Strip LEDs, Pros - the Pros of Strip LEDs, are they are very easy to install, there is quite a few different combinations of colors, and controlling methods ect. They are very low wattage, and most do not require a Heatsink.

Strip LED Cons - the cons of Strip LEDs, can be wrapped up pretty easily by they are not bright. They have some fringe usage in the hobby. Such as bug enclosure lighting (We will do a build with them for that!), or small species. However on your typical Panther or Veilieds Enclosure they are simply not up to the task.

The Outcome - Stay away for most Cham enclosures, they simply are not bright enough.

Star LEDs:
Star LEDs are a common type of LED in DIY LED lighting. They are simply small LEDs mounted on to a board shaped like a Star made from Aluminum. They are usually only a Few Volts each, which means a driver can run quite alot of them (more on this later). They come in different price ranges, but usually 2-4 dollars per star is about average. They come in a vast amount of colors and Spectrum's and by using them you can truly customize the way the light is colored.

Star LED Pros. They are relatively low Voltage, can be had with exact color requirements for extreme customization, are fairly cheap.

Star LED Cons. The Wire complexity is highest using LDDs and Star LEDs. You will have ALOT of wiring to do. Diffusing the colors perfectly, can be tricky and takes immense planning, and good diffusion.

The Outcome. Star LEDs are great for when you want to truly customize the light, to your exact specifications. However it is suggested to have equipment to dial in your specific needs which is pricey, and the build is much more complex. So while they are great, they are not very beginner friendly.

LED Pucks (AKA: Arrays):
Puck LEDs are one of the easiest ways to get good customizable light with out much work or wiring. These are similar to stars, except instead of a single LED on a Star Board, there is many LEDs on a Puck shaped PCB. The colors have been chosen for you, and the channels limited to what has been provided. They are usually made with a theme in mind, usually for the aquarium hobby. Our theme would be "Freshwater", or "Horticulture".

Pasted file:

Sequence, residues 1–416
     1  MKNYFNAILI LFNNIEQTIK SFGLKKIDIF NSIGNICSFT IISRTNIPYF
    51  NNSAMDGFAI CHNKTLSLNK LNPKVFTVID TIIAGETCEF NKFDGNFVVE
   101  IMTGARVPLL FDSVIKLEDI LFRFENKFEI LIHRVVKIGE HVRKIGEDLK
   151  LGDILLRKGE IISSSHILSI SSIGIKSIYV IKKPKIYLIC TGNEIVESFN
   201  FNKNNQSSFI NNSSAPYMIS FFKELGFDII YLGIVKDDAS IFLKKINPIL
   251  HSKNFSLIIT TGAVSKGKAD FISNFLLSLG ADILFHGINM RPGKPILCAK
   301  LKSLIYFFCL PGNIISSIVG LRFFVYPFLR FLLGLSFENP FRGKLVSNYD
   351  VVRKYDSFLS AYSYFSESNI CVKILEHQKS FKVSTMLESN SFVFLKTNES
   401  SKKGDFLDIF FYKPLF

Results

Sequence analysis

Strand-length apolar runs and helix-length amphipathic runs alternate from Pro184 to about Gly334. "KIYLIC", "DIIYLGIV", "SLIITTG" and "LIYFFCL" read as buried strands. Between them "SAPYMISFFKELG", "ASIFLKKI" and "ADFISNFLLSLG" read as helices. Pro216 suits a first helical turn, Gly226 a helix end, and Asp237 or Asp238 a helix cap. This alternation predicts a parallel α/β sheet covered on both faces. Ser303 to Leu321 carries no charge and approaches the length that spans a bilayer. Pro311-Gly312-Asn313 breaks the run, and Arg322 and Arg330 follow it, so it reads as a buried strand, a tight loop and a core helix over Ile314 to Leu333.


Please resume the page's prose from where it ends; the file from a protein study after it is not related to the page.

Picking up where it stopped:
Puck Pros. Pucks are very easy to build with, usually diffuse pretty well as is, and have alot of channels for good light customization.

Puck Cons. Pucks are usually much more expensive than other options, and while the lighting is somewhat customizable, it's still limited by the choices of the pick maker.

The Outcome: Pucks are great for a beginner who wants a very close to out of the box system with alot of Channels.

Chip On Board (CoB) LEDs:
Chip on Board or COBs, are one of my personal Favorite LEDs. They are large LEDs mounted to a board. They are EXTREMELY bright. They come in many different colors (though not as many as stars) are usually high efficiency, and can be suited to your needs. They are rather expensive however. The Jungle Dawn spots, that alot of the Forum goers like, are Made with COBs.

COB Pros. COBs are simple to build with, they are ridiculously bright in most cases, only requiring 2-6 for a Large Viv.

COB Cons. COBs can be pretty expensive, per COB. They are rather large though smaller than Pucks, and are hard to diffuse.

The Outcome: COBs are best as a middle ground, customizable to an extent, but not as much as Stars, Very bright without too many so to make wiring easier.

Not done, but have to take a break. Will finish soon.